Wednesday, September 23, 2015

Some enchanted ECHO by Pam Munoz Ryan

This afternoon while staring at the beautiful piercing blue sky, my 9 year old son and I finished up listening to the last hour of the audio version of ECHO.  We listened with all our heart in amazement.  I am still speechless.  I wiped the tears off my cheek, not just from the emotional written words spoken so perfectly but also at the finality of a book we loved so much and were committed to listening to for over nine hours was finished.  I craved more.  I kept the CD playing through all the credits and stared at the CD player hoping bonus tracks would begin magically, or at least one more song.

A boy in Germany.  Brothers in Philly.  A girl in California.  All brought together by music played from the heart from one magical harmonica.  It is truly enchanting.  Each of the three stories is intense in its own special way and leaves you hanging till the very end.  And then it is wrapped up and tied together like the perfect birthday present, except this one you want to wrap right back up and untie those bows ever so slowly again, knowing how good the gift underneath will be.

It was great to be able to explain the historical settings and stories behind each character to my son.  The book gave me the opportunity to discuss Nazi Germany, adoption, the internment camps, Pearl Harbor and more in such a way that was appropriate for my son and only enough to make the book make sense to his formidable mind.

I have been a fan of Pam Munoz Ryan's for a long time.  When I read THE DREAMER, I immediately got 10 copies donated to my library so I could use it for a book group that year.  Since then I have used it with many other groups of students and am still amazed by the beauty of the writing and poetry in that book.  I have never looked at poetry or Pablo Neruda the same.  THE DREAMER is still one of my favorite book group books to use with high level third graders and fourth graders.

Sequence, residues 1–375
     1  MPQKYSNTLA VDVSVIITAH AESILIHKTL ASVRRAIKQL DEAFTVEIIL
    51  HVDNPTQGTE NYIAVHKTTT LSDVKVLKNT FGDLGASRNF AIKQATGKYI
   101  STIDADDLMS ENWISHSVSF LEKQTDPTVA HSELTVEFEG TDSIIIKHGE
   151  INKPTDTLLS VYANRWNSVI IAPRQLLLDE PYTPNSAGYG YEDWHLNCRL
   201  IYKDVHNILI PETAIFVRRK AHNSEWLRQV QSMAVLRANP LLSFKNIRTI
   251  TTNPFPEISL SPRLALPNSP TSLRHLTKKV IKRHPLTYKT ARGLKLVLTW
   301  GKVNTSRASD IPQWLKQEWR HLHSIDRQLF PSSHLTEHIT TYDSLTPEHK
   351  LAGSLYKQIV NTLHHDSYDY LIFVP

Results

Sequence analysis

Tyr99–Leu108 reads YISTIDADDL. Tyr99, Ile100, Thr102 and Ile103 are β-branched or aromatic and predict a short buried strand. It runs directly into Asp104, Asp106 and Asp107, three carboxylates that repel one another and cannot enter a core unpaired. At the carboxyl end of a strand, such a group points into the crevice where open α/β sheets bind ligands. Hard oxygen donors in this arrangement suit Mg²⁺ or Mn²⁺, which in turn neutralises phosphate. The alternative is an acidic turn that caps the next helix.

ECHO is going to be one of those books that I believe should be on the short list for the Newbery this year.  Just getting my fifth graders to read it will be a challenge only because of the length.  I will promote the Overdrive version (and CD version) heavily and tell them they will not be disappointed.  Maybe it will be one of our Newbery book groups.  If that's the case, I will definitely volunteer to facilitate for I would welcome the opportunity to reread it with all my heart and share this enchanted piece of literature with my students.

1 comment:

  1. Echo is a remarkable weaving of four stories, the three our Leaping Librarian described, and the brief introductory and concluding tale. I loved the three major stories, but was frustrated, knowing I would have to wait til the very end to come to the conclusion of the them all. The ending is worth the wait. Bravo to a Master story-teller.